AUBURN — The School Department's second annual iPads in schools conference this week has sold out and has a waiting list.
Leveraging Learning: the iPad in Primary Grades Institute will be held Nov. 14-16 at the Hilton Garden Inn. It will show teachers and administrators how Auburn schools have used iPads in kindergarten and first grade classrooms.
The School Department made national news in 2011 when the School Committee decided that all kindergarten students needed iPads to boost learning. Auburn was among the first public school departments in the nation to give kindergartners iPads.
Early test scores indicate the iPads, combined with new teaching strategies focused to individual student needs, are improving learning, Auburn educators say. This year all kindergarten and first-grade students got iPads.
Registration for the conference opened in August and was soon filled, Mike Muir, Multiple Pathways Leader for the Auburn School Department, said. “We're surprised how quickly we filled. We extended the size to accommodate more people.”
There are 140 people registered, up from 110 last year. About 60 percent are from Maine, Muir said, and the rest from other states and countries, including an international school in Okinawa, Japan.
There's high interest in iPad computer tablets in elementary schools for several reasons, Auburn Schools Superintendent Katy Grondin said. “People are seeing the power of the iPad as an instructional tool.”
Other school districts are buying iPads for young students, and the conference “is an opportunity to hear our lessons learned, what's gone well, so they don't make the same errors,” she said.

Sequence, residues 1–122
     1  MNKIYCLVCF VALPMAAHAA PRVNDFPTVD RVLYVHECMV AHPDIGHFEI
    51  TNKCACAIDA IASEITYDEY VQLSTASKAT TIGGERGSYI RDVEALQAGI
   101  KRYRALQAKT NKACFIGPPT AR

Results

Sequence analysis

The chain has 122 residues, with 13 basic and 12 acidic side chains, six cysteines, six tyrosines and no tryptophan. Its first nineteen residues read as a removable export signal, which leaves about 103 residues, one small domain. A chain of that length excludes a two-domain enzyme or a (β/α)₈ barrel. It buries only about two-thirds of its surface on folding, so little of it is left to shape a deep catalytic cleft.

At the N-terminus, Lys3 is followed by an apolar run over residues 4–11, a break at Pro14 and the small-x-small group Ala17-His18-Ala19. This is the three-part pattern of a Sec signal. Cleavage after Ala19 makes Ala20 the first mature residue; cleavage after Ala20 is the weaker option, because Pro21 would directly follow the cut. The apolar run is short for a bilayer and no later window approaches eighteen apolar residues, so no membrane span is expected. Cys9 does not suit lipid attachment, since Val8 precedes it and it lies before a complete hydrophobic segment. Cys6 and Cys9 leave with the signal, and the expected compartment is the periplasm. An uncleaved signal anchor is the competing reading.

Lessons the School Department has learned, she said, include that when teachers have expectations of students, even those as young as 5 years old, “rise to that.”
Many worried that kindergarten students would lose or break iPads, but that hasn't been a problem, and so far students are not taking them home, she said.
Secondly, giving iPads to students needs to be coordinated with professional development for teachers, Grondin said. “A tool alone cannot make the difference, it has to be teachers' use of that tool,” she said.
And iPads boost the ease of individualizing lessons to students, which helps schools create mass customized learning for students, Muir said.
The conference will be a profit-maker for the Auburn School Department. To attend the three-day conference costs $400 a person, plus $25 to visit a classroom to see iPads in use. Grondin expects the department to make $8,000, and will put that money into the iPad program, she said.
The seminar is bringing money to the local economy, Grondin said. Many go to local restaurants to enjoy lobster, or to Wallingford's orchard for apples. Wednesday night there'll be a reception at Museum L-A.
“It's a way to get people out in our community and understand our cultural roots,” she said.